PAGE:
At Lake Berryessa, fishing pressure is never really a problem. However, anglers who arrive after a handful of bass tournaments are held in January, February and early March — and before mid-June when the lake gets gobbled up by water-skiers, wake boarders and boaters — can experience the best bass fishing Northern California offers.
Scott Green should know. As one of the most respected bass anglers in California and also the manager of Outdoor Pro Shop in Rohnert Park, Green has spent countless hours on Berryessa. That is, countless hours catching dozens of bass without competing with other boats or anglers.
Gary Dobyns, a national bass fishing icon and the all-time leading money winner in the West, has had similar experiences. “Berryessa is an awesome fishery, but a lot of guys don’t fish it because they just don’t have time to. Most guys are practicing for tournaments on Clear Lake, Shasta, Oroville and the Delta,” he said. “But it’s one heck of a fishery.”
Berryessa is one of Northern Cal’s last waters where anglers have a legitimate shot at catching spotted, largemouth and smallmouth bass in the same day — or on consecutive casts. Next to Trinity and Almanor, it’s one of the top three smallmouth waters in the north of the state.
However, its claim to fame is that it also harbors trophy bass of all kinds: smallmouth, largemouth and spots.
“It’s an awesome lake with huge fish. It’s got giants. There are bass in there up to 17 pounds,” Dobyns added. “There are a lot of fish there, and it doesn’t get much pressure. It’s a fun place to go.”
Bass anglers have always looked at Berryessa as a secondary fishery. Nonetheless, it has a stable population of largemouth, spotted and smallmouth bass. All species flourish together, yet aside from trout and kokanee anglers, Berryessa doesn’t get much in the way of fishing pressure.
“I don’t know what it is, but I guess if they don’t give away boats on a lake, no one pays attention to it,” Green said. “And they don’t give away many boats there.”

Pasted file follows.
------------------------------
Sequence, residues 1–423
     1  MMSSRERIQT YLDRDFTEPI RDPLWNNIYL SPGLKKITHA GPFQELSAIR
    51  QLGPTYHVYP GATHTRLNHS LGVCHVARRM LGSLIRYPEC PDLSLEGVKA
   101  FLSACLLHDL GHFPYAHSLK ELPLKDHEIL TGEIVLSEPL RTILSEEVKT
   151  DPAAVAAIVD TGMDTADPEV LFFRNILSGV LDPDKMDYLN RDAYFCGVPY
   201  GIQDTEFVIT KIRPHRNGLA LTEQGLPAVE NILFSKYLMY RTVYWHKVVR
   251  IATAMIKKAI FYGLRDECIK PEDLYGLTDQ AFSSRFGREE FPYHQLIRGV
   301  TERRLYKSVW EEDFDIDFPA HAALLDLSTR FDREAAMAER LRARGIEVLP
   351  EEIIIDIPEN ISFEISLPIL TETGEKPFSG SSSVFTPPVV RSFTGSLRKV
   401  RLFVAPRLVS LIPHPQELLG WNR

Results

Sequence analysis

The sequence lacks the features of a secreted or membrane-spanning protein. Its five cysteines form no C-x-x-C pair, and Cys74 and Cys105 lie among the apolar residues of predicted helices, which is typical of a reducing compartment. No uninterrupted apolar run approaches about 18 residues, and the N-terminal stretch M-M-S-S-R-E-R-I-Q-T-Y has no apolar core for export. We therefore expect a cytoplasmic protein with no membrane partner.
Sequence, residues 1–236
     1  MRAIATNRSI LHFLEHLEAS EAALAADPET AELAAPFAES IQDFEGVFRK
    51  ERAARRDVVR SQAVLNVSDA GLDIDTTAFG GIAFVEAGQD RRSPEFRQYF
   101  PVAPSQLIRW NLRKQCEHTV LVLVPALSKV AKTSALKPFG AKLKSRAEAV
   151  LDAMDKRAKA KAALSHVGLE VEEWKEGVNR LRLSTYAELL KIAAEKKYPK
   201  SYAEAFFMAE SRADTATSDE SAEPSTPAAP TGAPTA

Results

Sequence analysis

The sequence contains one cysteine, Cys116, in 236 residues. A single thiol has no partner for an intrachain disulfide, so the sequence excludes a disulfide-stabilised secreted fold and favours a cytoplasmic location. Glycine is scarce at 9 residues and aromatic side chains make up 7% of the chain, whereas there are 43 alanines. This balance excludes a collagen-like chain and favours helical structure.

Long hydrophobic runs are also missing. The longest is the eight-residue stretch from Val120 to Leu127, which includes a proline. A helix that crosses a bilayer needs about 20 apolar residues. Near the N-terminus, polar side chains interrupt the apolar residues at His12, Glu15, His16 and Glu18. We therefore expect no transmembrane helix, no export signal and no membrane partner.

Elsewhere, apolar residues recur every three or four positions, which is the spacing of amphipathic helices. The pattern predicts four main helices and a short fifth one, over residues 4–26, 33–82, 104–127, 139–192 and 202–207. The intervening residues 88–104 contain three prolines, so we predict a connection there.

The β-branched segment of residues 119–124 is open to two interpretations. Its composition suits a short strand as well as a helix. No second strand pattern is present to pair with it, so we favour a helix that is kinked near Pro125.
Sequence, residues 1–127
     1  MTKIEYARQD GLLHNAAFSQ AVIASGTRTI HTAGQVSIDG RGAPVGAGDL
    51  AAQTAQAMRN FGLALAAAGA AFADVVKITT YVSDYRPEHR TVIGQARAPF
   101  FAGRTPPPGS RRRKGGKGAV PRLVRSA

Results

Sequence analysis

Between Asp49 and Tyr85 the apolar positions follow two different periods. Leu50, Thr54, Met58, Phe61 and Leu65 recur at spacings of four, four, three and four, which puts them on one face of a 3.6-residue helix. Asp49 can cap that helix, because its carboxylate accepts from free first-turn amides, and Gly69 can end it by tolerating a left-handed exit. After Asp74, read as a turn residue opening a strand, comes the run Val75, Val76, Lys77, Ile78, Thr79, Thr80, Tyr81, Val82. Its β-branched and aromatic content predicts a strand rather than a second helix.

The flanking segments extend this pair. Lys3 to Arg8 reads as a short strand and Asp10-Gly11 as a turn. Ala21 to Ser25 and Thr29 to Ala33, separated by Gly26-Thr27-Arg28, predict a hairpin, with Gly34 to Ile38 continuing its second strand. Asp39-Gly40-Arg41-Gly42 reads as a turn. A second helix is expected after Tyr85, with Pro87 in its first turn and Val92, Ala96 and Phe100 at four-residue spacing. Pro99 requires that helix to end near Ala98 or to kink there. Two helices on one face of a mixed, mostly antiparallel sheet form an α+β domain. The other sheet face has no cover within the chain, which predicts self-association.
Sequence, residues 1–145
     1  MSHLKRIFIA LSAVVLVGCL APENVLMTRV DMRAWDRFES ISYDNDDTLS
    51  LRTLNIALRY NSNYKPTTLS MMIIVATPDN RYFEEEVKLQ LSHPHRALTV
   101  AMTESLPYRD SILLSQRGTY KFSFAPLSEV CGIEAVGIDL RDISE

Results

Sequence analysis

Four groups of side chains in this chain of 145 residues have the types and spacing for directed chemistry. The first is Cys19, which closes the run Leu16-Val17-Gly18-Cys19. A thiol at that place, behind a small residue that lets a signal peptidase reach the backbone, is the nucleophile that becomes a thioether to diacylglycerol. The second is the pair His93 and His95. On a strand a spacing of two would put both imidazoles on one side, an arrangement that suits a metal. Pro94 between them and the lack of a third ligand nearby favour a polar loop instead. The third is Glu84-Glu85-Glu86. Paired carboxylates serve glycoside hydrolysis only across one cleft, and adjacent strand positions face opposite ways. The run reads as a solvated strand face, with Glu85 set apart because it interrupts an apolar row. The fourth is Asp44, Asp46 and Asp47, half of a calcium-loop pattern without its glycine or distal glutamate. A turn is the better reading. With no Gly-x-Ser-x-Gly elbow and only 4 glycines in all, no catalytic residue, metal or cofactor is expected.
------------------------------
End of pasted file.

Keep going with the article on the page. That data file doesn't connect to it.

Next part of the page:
The lack of tournaments is blamed on poor facilities. Not poor for boaters and anglers, but rather for the facilities necessary to serve a main event.
“There are no local communities to host it, but it would be a great place to have Pro Ams,” Green said. “There’s no way Lake Berryessa is going to put out the money for that to happen, though.”
But while many anglers avoid the lake due to the lack of professional and amateur bass tournaments being held there, that can be a great thing for non-tournament, weekend anglers. Berryessa is one of the few lakes in Northern California where you can pretty much be guaranteed that if you fish in May and June, you’ll be able to leave with a grand slam — that is, catch largemouth, smallmouth and spotted bass. Unlike at Oroville, you aren’t going to catch limits of dinks, either.
Berryessa is 26 miles long, three miles wide and offers more than 165 miles of shoreline. It’s also situated just east of the Napa Valley, 70 miles northeast of San Francisco and 40 miles west of Sacramento, making it an easy day trip for Bay Area residents and those who reside in the Sacramento and Stockton areas.
It’s the perfect destination for anglers looking to fish recreation-style by soaking bait. Hands down, Berryessa has all the ingredients necessary to harbor an extensive population of bass. The lake has juvenile and adult rainbow trout, kokanee and Chinook, crawdads, minnows and other baitfish. There’s plenty of forage.
In the springtime, the great thing about Berryessa is that 90 percent of the bass are in 15 feet of water or less. It’s the perfect time of year for anglers to enjoy shallow-water bass fishing, while not having to battle crowds. It’s also the easiest time of year to catch bass.
“For numbers, the springtime is a great time of year to fish Berryessa,” Green added. “The numbers of smallmouth, largemouth and spotted bass an angler can catch is impressive. It’s pretty easy to catch fish here in the spring.”
Berryessa can be described as one large body of water with several aspects. There’s a deep end near the dam, with steep, nearly vertical walls as shorelines. The midsection offers banks complete with rolling hills, flats and varying contour. The end opposite the dam has flats, creek arms, channels and lots of points.
HITTING THE SPAWNS
May can be an interesting month. What bass will be doing depends on recent weather patterns. How quickly spring arrives determines when largemouth, smallmouth and spotted bass head into pre-spawn mode and when they spawn. On an average year, you’ll have some pre-spawners, spawners and post-spawners in May.